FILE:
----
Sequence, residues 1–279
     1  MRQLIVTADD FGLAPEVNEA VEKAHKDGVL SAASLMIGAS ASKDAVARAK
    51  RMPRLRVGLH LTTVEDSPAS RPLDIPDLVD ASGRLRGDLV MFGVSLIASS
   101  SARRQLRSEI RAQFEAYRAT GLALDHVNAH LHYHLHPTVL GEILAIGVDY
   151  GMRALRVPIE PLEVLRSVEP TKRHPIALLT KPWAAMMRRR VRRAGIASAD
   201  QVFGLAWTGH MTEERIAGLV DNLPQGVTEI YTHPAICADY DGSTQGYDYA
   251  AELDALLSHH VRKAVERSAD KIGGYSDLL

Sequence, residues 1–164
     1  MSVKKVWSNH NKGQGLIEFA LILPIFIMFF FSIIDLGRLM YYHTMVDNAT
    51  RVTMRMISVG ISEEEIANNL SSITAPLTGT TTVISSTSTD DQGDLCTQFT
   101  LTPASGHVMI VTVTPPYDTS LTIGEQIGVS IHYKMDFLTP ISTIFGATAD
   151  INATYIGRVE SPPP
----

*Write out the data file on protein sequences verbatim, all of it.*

Sequence, residues 1–279
     1  MRQLIVTADD FGLAPEVNEA VEKAHKDGVL SAASLMIGAS ASKDAVARAK
    51  RMPRLRVGLH LTTVEDSPAS RPLDIPDLVD ASGRLRGDLV MFGVSLIASS
   101  SARRQLRSEI RAQFEAYRAT GLALDHVNAH LHYHLHPTVL GEILAIGVDY
   151  GMRALRVPIE PLEVLRSVEP TKRHPIALLT KPWAAMMRRR VRRAGIASAD
   201  QVFGLAWTGH MTEERIAGLV DNLPQGVTEI YTHPAICADY DGSTQGYDYA
   251  AELDALLSHH VRKAVERSAD KIGGYSDLL

Sequence, residues 1–164
     1  MSVKKVWSNH NKGQGLIEFA LILPIFIMFF FSIIDLGRLM YYHTMVDNAT
    51  RVTMRMISVG ISEEEIANNL SSITAPLTGT TTVISSTSTD DQGDLCTQFT
   101  LTPASGHVMI VTVTPPYDTS LTIGEQIGVS IHYKMDFLTP ISTIFGATAD
   151  INATYIGRVE SPPP